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This was a cool re-read for me. Given the new television take on "The Mist" I thought I would pick up Skeleton Crew again. "The Mist" did not disappoint and it helped me excise much of the first movie treatment from my memory. What struck me is how much King leaves to the imagination making the cloaking mist that much more terrifying.
Consider this passage, “Something in the fog!" he screamed, and Billy shrank against me-whether because of the man's bloody nose or what he was saying, I don't know. "Something in the fog took John Lee! Something-" He staggered back against a display of lawn food stacked by the window and sat down there."Something in the fog took John Lee and I heard him screaming!”
It is not particularly great writing or descriptive but in that paragraph is plenty of tense terror. The next entry is "Here There Be Tygers" and it is a curious piece of childhood imagination. "The Monkey" is classic King as it sports a malevolent spirit in a tangible item. The author has a strong point of view on guns in America and that makes "Cain Rose Up" a more interesting read.
Next up is a bit of a sleeper in the canon of King. "Mrs. Todd's Shortcut" is a gem and worthy of movie or television treatment. Though not his strong suit King takes a stab at science fiction in "The Jaunt". It concerns a family in the future and tries to carry off a deeper message that never resonates. Like The Colorado Kid the next entry is more a straightforward mystery. "The Wedding Gig" covers the wildness of prohibition and is highly satisfying.
"Paranoid: A Chant" is a poem and lets just leave it at that. You can make up your own mind about its quality. If you haven't read both "The Raft" and Scott B. Smith's "The Ruins" please do and tell me if you do not see an homage if not outright rip-off. Just know King's story came out twenty years earlier.
The "Word Processor of the Gods" story portrays an amazing re-write of life. It speaks to the power of the pen. Often King covers being cursed and that is premise in "The Man Who Would Not Shake Hands". "Beachworld" is a much better SciFi entry because King makes it his own.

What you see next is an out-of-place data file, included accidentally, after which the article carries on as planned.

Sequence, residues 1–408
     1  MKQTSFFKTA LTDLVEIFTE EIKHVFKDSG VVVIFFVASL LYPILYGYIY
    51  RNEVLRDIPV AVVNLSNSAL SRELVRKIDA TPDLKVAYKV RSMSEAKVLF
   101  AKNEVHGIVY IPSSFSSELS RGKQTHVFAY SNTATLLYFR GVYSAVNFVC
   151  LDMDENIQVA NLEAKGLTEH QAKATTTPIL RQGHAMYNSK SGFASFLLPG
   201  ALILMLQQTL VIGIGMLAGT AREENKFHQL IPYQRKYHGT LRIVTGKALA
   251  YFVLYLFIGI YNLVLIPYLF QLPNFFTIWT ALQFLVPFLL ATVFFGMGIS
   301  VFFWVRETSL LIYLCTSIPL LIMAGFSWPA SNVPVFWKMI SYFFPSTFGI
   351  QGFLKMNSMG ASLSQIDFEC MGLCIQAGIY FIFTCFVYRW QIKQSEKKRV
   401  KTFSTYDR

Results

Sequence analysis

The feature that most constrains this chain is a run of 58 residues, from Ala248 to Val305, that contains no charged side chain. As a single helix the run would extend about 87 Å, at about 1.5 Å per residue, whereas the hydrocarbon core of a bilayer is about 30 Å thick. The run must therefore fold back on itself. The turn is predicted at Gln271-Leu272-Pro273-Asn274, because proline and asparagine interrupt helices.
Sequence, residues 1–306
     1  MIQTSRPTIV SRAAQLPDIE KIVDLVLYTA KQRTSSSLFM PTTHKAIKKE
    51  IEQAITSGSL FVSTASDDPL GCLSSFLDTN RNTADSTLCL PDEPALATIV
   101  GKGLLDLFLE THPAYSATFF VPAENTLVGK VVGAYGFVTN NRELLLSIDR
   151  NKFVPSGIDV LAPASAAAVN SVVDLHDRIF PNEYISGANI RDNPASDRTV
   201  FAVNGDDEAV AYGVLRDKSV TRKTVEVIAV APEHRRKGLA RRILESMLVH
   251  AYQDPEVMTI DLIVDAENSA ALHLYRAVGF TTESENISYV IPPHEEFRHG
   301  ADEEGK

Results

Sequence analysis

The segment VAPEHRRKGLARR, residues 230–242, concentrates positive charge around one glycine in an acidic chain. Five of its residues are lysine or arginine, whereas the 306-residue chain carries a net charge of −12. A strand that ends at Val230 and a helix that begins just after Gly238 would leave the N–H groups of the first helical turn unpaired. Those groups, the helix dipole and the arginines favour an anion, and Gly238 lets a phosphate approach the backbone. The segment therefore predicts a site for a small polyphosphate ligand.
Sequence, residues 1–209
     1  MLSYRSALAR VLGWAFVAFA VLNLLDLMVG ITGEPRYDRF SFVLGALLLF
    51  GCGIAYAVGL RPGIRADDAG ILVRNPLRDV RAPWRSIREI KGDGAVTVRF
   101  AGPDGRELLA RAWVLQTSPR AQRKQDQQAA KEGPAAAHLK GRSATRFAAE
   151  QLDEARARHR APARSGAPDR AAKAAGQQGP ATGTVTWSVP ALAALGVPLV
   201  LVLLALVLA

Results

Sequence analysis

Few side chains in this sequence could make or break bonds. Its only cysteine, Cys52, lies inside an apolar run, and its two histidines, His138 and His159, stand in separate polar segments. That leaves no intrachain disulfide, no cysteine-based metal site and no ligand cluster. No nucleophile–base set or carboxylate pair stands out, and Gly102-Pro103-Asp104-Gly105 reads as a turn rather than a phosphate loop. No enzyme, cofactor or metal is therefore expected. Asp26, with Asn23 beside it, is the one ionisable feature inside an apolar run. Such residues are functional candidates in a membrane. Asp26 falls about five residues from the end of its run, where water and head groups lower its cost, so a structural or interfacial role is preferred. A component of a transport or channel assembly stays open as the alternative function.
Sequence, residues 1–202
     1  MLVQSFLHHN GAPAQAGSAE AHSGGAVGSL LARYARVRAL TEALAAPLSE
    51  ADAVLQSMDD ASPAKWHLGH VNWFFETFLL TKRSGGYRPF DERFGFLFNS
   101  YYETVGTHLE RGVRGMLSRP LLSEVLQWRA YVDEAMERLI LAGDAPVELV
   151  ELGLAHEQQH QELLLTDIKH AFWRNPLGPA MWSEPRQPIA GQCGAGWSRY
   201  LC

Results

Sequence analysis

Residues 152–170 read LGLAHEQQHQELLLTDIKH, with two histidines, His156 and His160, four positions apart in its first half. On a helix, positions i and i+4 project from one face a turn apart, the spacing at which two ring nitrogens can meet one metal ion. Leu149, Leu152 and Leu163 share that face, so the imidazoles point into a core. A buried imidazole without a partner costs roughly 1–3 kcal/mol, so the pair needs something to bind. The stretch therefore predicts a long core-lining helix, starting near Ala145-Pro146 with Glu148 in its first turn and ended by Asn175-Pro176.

We see awesome early King in "The Reaper's Image" where things are clearly black and white, good and evil. Do sounds in the wall creep you out? Then "Nona" is either your thing or not but you have been warned. "For Owen" is a stoner's poem. Quite out there and seems like filler. King can be vivid but stays away from the gross-out. That is not true in "Survivor Type" so hold on to your lunch if you choose to digest it.
Look out! Its an evil truck. That is all I have to say about "Uncle Otto's Truck". The next two stories reveal a very dark and dangerous milk man driving around town ("Morning Deliveries" and "Big Wheels: A Tale of The Laundry Game"). Is she a sweet old lady or something more? That is the question murkily resolved in "Gramma".
The next title is in reference to the narrator's belief that insanity is a sort of "flexible bullet": In "The Ballad of the Flexible Bullet" insanity will eventually kill, but how long this process takes, and how much damage the bullet does before the victim finally dies, are impossible to predict. The collection ends with a bittersweet tale in "The Reach" that examines a well-earned life and death.
In summary, there are more hits than misses in Skeleton Crew. It was entertaining to go back after all these years and revisit, so to speak, past haunts.
This collection of short stories was a reread, and there are a couple of tales that realy stood out from the rest, these include The Mist, Surviver type, the Raft and the Reach, these stories where outstanding and well worth the price alone, these are all typical King stories and come highly recommended.
Unusually for genre authors, King has managed to master the short story as well as novel-length fiction. "Skeleton Crew" isn't one of those cash-in collections where the publisher throws together some old crap the author spun out twenty years ago, usually amounting to 300 pages of mediocre stories. Although some of the tales here are as old as King's first novels, the collection is a vast one with well over twenty stories, forming a heavy tome well worth the couple of quid you can get it for now.
It includes some great stories that have earned their fame elsewhere, such as "The Raft", "The Monkey" and "The Mist", the last of which is possibly the best example of rising terror I've ever read, and recently made into a film (which I haven't yet seen - it's probably rubbish anyway). As in most collections of this size there are a few less inspiring stories, but most are short and even if they don't give you the chills you were after, you'll never feel like you wasted your time reading them. King's narrative style and dialogue are as good as ever--
A great collection, dirt cheap now online so pick it up!
The Mist is a great story and one I remember reading ages ago. Glad I bought a new copy. Stephen King is a brilliant mainstream shocker writer. He manages to describe horror in simple and often brutal ways. Some great stories in here.
If you are a fan of Stephen King, you will enjoy this great collection of short stories. If you are not yet a fan, this would be a good introduction to his writing without committing to a full-length novel.
Amazing collection of short stories from the master if the human psyche. The ballad of the flexible bullet was a stand out for me as it pulls you in, burrows into your mind and makes you feel like your going insane along with the characters lol